This blog is for all the report developers out there that have been accused of a report not working correctly, which is probably 99.9% of us. What I am about to show you will help defer the blame as well as help potentially save you any research time. I started doing this myself a couple of years ago after getting annoyed by the end users saying that a report wasn’t working. I later realized that the report was working it was just the parameters they picked had no data associated with it at that time. What I did was to add a text box in the page header that says something like, ‘No data available for selected parameters’ and then created an expression to show or hide the text box. See the instructions and example below.
Step 1. Create a text box in the page header or you could add a row at the bottom on the table and build the Show/Hide expression based off that.
Step 2. Next create a new column in the table with a default value of 1 and hide that column, or base it off and existing column.
Step 3. Create an expression formula to Hide/Show the text box like this, =Sum(Fields!data.Value, "SalesbyRegion") > 1
Here are 2 examples of each
In the page header:
In the table itself:
Believe it or not I still will get an end user asking why the report is blank and even send me the export with the text box clearly visible in it. Anyways I am sure we could do this many different ways so please post your examples. I hope this helps.
Chris, this is great. I have used something similar many times for the same reason. There is also a Tablix property called "NoRowsMessage" where you can put an expression that will do pretty much the same thing but without the overhead of adding a column, etc., to your dataset. One additional advantage of using this property is that you can make it part of a report template so it is done even before you start.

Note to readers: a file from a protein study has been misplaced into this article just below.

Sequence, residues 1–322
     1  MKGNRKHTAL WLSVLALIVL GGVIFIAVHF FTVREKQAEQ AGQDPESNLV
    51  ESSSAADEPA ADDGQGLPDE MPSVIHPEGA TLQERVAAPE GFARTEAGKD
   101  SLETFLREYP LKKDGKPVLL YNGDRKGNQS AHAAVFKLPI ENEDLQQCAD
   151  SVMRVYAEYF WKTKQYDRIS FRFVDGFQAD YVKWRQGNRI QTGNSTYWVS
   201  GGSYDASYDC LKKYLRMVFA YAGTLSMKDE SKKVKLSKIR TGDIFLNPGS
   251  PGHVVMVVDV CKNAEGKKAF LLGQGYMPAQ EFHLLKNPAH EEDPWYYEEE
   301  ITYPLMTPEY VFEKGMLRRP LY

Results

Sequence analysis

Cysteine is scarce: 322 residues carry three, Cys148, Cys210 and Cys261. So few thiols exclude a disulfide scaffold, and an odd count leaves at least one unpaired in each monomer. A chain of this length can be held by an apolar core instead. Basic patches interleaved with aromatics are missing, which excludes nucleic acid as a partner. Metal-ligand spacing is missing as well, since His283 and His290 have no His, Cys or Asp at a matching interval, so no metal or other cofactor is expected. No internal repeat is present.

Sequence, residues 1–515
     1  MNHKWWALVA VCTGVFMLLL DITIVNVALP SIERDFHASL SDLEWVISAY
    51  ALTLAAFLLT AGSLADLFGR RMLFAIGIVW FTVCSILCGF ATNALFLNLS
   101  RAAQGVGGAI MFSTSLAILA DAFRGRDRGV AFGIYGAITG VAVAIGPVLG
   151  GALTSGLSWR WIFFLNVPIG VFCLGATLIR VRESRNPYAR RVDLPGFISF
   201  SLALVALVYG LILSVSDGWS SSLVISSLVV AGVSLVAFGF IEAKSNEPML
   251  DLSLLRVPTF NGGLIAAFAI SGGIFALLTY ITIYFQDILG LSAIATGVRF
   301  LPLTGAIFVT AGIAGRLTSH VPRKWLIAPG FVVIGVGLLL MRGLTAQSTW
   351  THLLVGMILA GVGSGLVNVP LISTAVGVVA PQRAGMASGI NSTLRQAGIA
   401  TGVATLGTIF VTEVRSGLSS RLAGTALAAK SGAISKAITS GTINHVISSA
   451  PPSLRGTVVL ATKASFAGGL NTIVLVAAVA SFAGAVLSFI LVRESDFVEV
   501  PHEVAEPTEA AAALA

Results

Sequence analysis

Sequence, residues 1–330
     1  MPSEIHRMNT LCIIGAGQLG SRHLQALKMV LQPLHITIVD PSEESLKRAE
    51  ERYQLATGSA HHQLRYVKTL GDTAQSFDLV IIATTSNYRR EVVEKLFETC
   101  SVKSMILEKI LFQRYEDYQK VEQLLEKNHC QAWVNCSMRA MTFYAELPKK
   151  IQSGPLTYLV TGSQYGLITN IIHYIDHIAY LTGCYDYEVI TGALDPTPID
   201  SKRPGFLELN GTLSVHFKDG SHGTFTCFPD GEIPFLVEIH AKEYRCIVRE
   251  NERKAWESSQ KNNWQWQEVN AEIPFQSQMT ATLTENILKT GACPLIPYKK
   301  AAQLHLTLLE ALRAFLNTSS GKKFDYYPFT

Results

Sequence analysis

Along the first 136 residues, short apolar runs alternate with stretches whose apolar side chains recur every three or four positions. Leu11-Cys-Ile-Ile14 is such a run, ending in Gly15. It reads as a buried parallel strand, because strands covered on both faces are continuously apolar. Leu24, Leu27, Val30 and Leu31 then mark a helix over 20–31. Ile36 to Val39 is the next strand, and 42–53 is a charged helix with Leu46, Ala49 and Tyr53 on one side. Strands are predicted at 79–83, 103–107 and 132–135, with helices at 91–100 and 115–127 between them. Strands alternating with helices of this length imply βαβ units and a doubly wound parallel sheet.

Hey Daniel, thanks for the tip.
I submitted the note above a little prematurely. I forgot to mention that although the NoRowsMessage can be put into your template, and it doesn't require dataset modifications, it is not as flexible in terms of formatting size, position, or color, so it may be a little too understated for some users to notice.
One other note, when using your method (or something similar) I also find it useful to include the parameters in the message because sometimes the parameter was chosen in error and the note helps the user figure that out.
I would suggest sometimes adding the selected parameters to the heading of the report, so that anyone viewing the report will know what combiantion of selected parameters caused the "No data" scenario to occur. I would even add the execution date, because some data may be time sensitive. Running a report today for tomorrow's data would of course get no results, since I can see the execution data of today. But running the report with the same criteria three weeks from now will get values using the same selected parameters, but of course, the execution date is three weeks later.
For execution time:
="Report Generated: "+Globals!ExecutionTime
And for rendering time:
="Render Duration: " +IIf(System.DateTime.Now.Subtract(Globals!ExecutionTime).TotalSeconds < 1, "0 seconds", (IIf(System.DateTime.Now.Subtract(Globals!ExecutionTime).Minutes > 0, System.DateTime.Now.Subtract(Globals!ExecutionTime).Minutes & " minute(s), ", "") +IIf(System.DateTime.Now.Subtract(Globals!ExecutionTime).Seconds > 0, System.DateTime.Now.Subtract(Globals!ExecutionTime).Seconds & " second(s)", "")))
="Render Duration: " +
IIf(System.DateTime.Now.Subtract(Globals!ExecutionTime).TotalSeconds < 1, "0 seconds",
IIf(System.DateTime.Now.Subtract(Globals!ExecutionTime).Minutes > 0, System.DateTime.Now.Subtract(Globals!ExecutionTime).Minutes & " minute(s), ", "") +
IIf(System.DateTime.Now.Subtract(Globals!ExecutionTime).Seconds > 0, System.DateTime.Now.Subtract(Globals!ExecutionTime).Seconds & " second(s)", ""))
Just another two cents!
You can check out this link as well. It has magically appeared after I posted my blog. It’s a little better documented than mine.
Quick note, the Render Time calculation is from briankmcdonald. Apologies for the lack of credit there.
Execution time, however, is all mine! Bwahahaha *evil maniacal laughter*